The Archaic period, which began between 5000 and 4000 BC, covered the next phase of indigenous culture. The people developed new tools as well as techniques to cook food, an important step in civilization; such new tools included different types of spear knives, with various forms of notches. They made ground-stone tools such as woodworking tools and grinding stones. During the latter part of the period, they built earthwork mounds and middens, which showed that settlements were becoming more permanent; the Archaic period ended at about 1500 BC, although some Archaic people lived until 700 BC. The Woodland period commenced around 1500 BC. During this period, the people created ceramics and pottery, extended their cultivation of plants. An early Woodland period group named the Adena people had elegant burial rituals, featuring log tombs beneath earth mounds. In the middle portion of the Woodland period, the Hopewell people began developing long-range trade of goods. Nearing the end of the stage, the people developed productive cultivation and adaptation of agriculture, growing such crops as corn and squash.
The Woodland period ended around 1000 AD. The Mississippian culture emerged, lasting from 1000 AD until the 15th century, shortly before the arrival of Europeans. During this stage, the people created large urban settlements designed according to their cosmology, with large mounds and plazas defining ceremonial and public spaces; the concentrated settlements depended on the agricultural surpluses. One such complex was the Angel Mounds, they had large public areas such as plazas and platform mounds, where leaders lived or conducted rituals. Mississippian civilization collapsed in Indiana during the mid-15th century for reasons that remain unclear; the historic Native American tribes in the area at the time of European encounter spoke different languages of the Algonquian family. They included the Shawnee and Illini, they were joined by refugee tribes from eastern regions including the Delaware who settled in the White and Whitewater River Valleys. In 1679, French explorer René-Robert Cavelier, Sieur de La Salle was the first European to cross into Indiana after reaching present-day South Bend at the Saint Joseph River.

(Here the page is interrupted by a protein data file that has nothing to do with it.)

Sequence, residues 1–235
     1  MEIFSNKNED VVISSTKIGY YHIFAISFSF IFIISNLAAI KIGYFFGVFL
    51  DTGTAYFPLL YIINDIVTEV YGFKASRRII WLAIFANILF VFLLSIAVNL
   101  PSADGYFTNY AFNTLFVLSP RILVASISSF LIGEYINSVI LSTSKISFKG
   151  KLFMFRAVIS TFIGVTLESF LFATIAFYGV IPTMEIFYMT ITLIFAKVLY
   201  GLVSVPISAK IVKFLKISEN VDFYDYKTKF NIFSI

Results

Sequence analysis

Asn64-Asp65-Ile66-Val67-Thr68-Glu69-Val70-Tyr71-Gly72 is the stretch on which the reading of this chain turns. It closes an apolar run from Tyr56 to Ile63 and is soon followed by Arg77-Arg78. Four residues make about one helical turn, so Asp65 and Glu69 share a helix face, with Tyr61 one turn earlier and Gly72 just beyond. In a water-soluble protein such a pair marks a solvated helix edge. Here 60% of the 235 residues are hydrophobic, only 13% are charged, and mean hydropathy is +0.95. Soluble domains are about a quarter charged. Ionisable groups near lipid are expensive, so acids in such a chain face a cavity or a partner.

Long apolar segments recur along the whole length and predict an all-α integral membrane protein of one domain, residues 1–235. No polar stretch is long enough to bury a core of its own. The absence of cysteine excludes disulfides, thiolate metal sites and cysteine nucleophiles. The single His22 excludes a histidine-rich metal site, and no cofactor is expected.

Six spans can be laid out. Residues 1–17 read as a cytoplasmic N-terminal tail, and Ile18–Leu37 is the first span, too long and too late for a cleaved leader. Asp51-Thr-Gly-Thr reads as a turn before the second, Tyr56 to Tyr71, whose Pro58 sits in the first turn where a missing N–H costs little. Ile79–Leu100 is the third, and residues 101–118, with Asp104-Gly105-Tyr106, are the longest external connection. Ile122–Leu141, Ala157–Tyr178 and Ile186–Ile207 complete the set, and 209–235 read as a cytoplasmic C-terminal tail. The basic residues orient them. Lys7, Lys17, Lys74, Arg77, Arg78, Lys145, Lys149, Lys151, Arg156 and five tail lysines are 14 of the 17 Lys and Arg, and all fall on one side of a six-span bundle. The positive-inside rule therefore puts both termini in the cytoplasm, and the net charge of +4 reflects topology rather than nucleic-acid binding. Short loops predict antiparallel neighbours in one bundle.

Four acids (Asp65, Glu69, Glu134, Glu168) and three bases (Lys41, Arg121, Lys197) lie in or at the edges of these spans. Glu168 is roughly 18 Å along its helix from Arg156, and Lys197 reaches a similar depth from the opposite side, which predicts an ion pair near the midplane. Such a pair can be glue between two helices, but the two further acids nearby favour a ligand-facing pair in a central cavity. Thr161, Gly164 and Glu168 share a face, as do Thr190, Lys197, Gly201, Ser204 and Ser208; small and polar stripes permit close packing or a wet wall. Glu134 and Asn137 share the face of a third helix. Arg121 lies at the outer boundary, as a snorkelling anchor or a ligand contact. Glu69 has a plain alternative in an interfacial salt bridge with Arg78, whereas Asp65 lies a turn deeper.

He returned the following year to learn about the region. French-Canadian fur traders soon arrived, bringing blankets, tools and weapons to trade for skins with the Native Americans. By 1702, Sieur Juchereau established the first trading post near Vincennes. In 1715, Sieur de Vincennes built Fort Miami at Kekionga, now Fort Wayne. In 1717, another Canadian, Picote de Beletre, built Fort Ouiatenon on the Wabash River, to try to control Native American trade routes from Lake Erie to the Mississippi River. In 1732, Sieur de Vincennes built a second fur trading post at Vincennes. French Canadian settlers, who had left the earlier post because of hostilities, returned in larger numbers. In a period of a few years, British colonists arrived from the East and contended against the Canadians for control of the lucrative fur trade. Fighting between the French and British colonists occurred throughout the 1750s as a result; the Native American tribes of Indiana sided with th
A public company, publicly traded company, publicly held company, publicly listed company, or public limited company is a corporation whose ownership is dispersed among the general public in many shares of stock which are traded on a stock exchange or in over the counter markets. In some jurisdictions, public companies over a certain size must be listed on an exchange. A public company can be unlisted. Public companies are formed within the legal systems of particular nations, therefore have national associations and formal designations which are distinct and separate. For example one of the main public company forms in the United States is called a limited liability company, in France is called a "society of limited responsibility", in Britain a public limited company, in Germany a company with limited liability. While the general idea of a public company may be similar, differences are meaningful, are at the core of international law disputes with regard to industry and trade. In the early modern period, the Dutch developed several financial instruments and helped lay the foundations of modern financial system.